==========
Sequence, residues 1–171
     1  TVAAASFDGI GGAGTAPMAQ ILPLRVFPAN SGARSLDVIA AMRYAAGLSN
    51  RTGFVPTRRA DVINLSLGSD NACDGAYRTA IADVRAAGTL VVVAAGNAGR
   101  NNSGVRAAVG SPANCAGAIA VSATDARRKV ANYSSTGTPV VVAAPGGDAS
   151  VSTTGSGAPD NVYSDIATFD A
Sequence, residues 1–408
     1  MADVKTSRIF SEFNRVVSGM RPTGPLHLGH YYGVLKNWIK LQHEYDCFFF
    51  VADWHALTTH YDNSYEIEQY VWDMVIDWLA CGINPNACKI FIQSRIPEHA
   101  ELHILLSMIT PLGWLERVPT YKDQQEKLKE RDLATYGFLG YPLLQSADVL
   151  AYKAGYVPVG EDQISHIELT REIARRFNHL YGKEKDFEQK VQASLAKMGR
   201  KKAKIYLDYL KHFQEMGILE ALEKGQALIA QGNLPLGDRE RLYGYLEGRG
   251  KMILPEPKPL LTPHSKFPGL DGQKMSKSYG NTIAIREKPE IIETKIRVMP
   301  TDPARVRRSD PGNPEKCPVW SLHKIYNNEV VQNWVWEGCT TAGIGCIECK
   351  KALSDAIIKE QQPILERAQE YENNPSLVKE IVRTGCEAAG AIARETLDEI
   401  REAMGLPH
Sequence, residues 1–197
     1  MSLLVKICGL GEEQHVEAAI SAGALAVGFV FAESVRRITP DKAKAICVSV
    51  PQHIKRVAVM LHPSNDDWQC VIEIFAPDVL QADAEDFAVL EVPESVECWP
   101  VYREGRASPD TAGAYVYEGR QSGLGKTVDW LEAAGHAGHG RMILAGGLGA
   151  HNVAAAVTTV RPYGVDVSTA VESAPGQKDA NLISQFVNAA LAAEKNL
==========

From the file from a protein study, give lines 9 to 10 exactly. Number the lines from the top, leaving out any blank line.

   101  ELHILLSMIT PLGWLERVPT YKDQQEKLKE RDLATYGFLG YPLLQSADVL
   151  AYKAGYVPVG EDQISHIELT REIARRFNHL YGKEKDFEQK VQASLAKMGR